It was a huge night for the Powdrell family from Turiroa Angus near Wairoa last night when one of their rising two-year-old bulls sold for a New Zealand high price of $104,000. Click the heading to read the article. Read more
Bulls are a large investment, so spend a little time making sure they adjust to their new environment, are fit, free from disease and actively working. • Consult with your veterinarian and draw up a policy for treating bulls and schedule an annual BBSE pre mating.
Herd fertility has a major impact on returns in a commercial beef herd. In economic terms, a 1% increase in herd fertility is equivalent to approximately a 10% rise in growth rate. Fertility within a herd is influenced by four major factors: • Reproductive soundness of bulls • Structural soundness • Management • Genetics
What difference would a bull with a +30 kg EBV for 400 Day Weight make as a terminal sire in a commercial herd? The sire and dam each contribute 50% of the genes to their offspring. The sire has an EBV advantage of +30kg and we will assume the dam has no influence (i.e. 0kg … Read more How much should you pay for a bull?
Trials are occasionally carried out to validate Estimated Breeding Values (EBVs), to prove that what they are predicting is actually happening on commercial farms. This involves matching the expected performance on farm (the EBV) to the actual performance for a given trait. An outcome of the Beef + Lamb New Zealand Genetics Beef Progeny Test … Read more Do EBVs work?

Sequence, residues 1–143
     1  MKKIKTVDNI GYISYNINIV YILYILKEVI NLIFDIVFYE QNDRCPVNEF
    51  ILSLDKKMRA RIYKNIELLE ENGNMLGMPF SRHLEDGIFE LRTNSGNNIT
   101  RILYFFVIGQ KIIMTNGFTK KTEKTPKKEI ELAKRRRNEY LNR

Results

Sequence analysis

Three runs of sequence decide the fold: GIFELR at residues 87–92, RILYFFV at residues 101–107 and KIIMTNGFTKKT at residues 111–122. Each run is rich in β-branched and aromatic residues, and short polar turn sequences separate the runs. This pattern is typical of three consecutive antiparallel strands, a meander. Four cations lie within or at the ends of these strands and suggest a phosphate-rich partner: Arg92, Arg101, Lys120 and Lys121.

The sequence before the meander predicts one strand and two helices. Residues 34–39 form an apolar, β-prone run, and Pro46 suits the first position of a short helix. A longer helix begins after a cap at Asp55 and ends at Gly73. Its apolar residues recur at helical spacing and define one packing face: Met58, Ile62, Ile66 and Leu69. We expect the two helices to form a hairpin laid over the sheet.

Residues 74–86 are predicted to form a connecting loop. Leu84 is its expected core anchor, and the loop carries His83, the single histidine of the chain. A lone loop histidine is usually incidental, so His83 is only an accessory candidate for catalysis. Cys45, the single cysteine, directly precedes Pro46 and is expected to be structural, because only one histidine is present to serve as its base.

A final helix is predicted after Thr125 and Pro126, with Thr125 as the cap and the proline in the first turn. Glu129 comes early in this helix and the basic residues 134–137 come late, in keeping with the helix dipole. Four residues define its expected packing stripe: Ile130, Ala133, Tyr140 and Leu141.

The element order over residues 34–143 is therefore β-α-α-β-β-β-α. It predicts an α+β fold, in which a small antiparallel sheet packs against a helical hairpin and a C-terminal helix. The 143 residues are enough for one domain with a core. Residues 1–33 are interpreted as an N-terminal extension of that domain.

EBVs are in real units for several economically relevant traits. • Use the breed averages to compare the given bull’s EBV for the trait you are looking at. • Compare breed averages to the Percentile Bands Table to see where the bull ranks within its breed. • If in doubt, use the EBV graph. • … Read more Selecting a bull – Genetic information
Is the breeder making real progress? The bull breeder’s breeding programme should be clear, easily explained and backed up by good records and clear facts. It is important to ask questions to establish the genetic merit of the herd and whether genetic progress is being made in the traits that are of interest to you.
Which traits contribute to production and profitability? What emphasis should you place on each trait when selecting breeding stock? Setting a breeding objective can be as simple as choosing a breed, or more sophisticated such as increasing weaning weight.
There’s no doubt that when you’re buying a bull, his physical and structural soundness must be factored in. But what you can’t see is just as important. Using breeding values allow you to see ‘under the hood’ of an animal. You can see his weak points and his strengths to decide if he’s the right fit for your herd. In this presentation,
Mature cow weight has been a topical trait in 2020 and whether your breeding program aims to increase, decrease or remain constant the genetic merit of the herd for the trait, the critical practice remains the same. We need to be recording mature cow weights, as it is only with the accurate description of the trait that we as breeders can make the selection and breeding decisions which will ultimately drive the direction of the breed.